Like the others I would encourage a deal that takes advantage of many possible exits. But it's important to remember that AirBNB is a vendor, not a strategy. I know it's pedantic, but AirBnB is only one outlet for your short-term rentals. If you have a working short-term rental in a high traffic tourist area, you also likely have a valid vacation rental (which as @Anthony Gayden said, have been around forever) and a likely long-term rental. As long as you're buying right and not counting on what seems to be the higher intrinsic cash flow of a STR you should be good.

In terms of long-term strategy and buying right, you can also run the deal in stages. Think about the likelihood of changes to the STR space in your market. What is likely to change immediately, within one year, within three years, etc. If you can buy as an STR and be well positioned in one year to weather any changes (because you've captured cash flow and paid down the property's debt, for example) to the codes, your longer-term strategy could end up being your competitive advantage in the space.

@John Park

Interesting thread. In general, it seems the bigger the city, the less-friendly it is toward Airbnb, but that's not universally true. (I think Chicago is actually pretty open.) 

There are still smaller cities that are totally open. For instance, here in Colorado, Colorado Springs is totally open to short-term rentals and Airbnb. 

Either way, like @Andy Webb , we tell our clients to have two back-up plan possibilities. 

  1. If Airbnb regulations in your city change, then you can switch to a corporate traveler/traveling nurse model. Like @Myka Artis  , My wife and I only do the medium-term furnished model now because Denver is so strict with their Airbnb laws. This works well for us and our pocketbooks.
  2. If all else fails, you should be able to long-term rent the place and cover yourself. Always run the long-term rental numbers on a place before buying, even if you intend it for an Airbnb or medium-term furnished rental.

@Nick P.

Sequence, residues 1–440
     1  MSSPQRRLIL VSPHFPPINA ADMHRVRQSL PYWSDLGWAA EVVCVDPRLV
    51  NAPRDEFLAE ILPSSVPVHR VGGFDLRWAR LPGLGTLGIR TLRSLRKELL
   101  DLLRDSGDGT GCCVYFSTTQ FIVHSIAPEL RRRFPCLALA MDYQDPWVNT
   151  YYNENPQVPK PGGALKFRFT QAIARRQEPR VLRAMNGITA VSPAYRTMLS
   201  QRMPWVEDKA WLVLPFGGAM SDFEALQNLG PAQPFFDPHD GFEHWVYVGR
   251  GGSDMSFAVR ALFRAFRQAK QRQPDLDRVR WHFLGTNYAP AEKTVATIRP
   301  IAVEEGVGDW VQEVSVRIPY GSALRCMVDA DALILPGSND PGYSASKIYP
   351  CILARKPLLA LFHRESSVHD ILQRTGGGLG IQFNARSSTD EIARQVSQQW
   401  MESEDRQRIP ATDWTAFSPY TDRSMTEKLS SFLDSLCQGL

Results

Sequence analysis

A lot of cities are acting to protect the hotels, but not Denver. The hotel industry had very little presence during the drafting of and the town halls for Denver's Airbnb law. That's because Denver hotels have made record profits for years now. It was really the neighborhood associations and fears about affordable housing that drove the city council to act.

And even then, that 10.75% tax paid by Denver Airbnb hosts is the same tax paid by Denver hotel guests. So they're just on a level playing field.

James -- super interesting, the affordable housing aspects totally makes sense.  If AirBnb is insanely lucrative, there would be a significant shortage on available rentals

@Nick P.

I'm a little torn about this issue. On the one hand, I think Airbnb is awesome. I love staying in them whenever my wife and I travel, and I think the Airbnb platform allows creative entrepreneurs to hustle for dollars, which I totally support. 

On the other hand, I'm a self-labeled liberal who, while enjoying the free market, also thinks the free market leaves some people behind. Because of that, I'm open to safeguards that try to mitigate the consequences to those people.

 On the third hand, if there is a third hand, the number of Airbnb units in Denver is a fraction of a drop in the bucket of total housing supply, so does it actually affect affordable housing? Not yet. Could it? Yes, I think opening up Airbnb to any investor to buy up anything they want could affect affordable housing.

While the business side of me would love to see Denver embrace this new technology and reap the tax benefits, the civic-minded side of me thinks they struck a nice balance with the primary residence rule. It will be interesting to see how all this plays out in Denver, in other Colorado cities and around the country. 

@James Carlson @Nick P. even in urban markets I don't really see a housing crisis happening due to Airbnb.  There are ~4000 STRs here in Denver and the market is already getting saturated.  Unless tons more people start using homeshare sites I think we can expect a revenue decline this year.  If I was an investor I would not be gobbling up properties in Denver even if it was 100% legal - the margins just aren't good enough.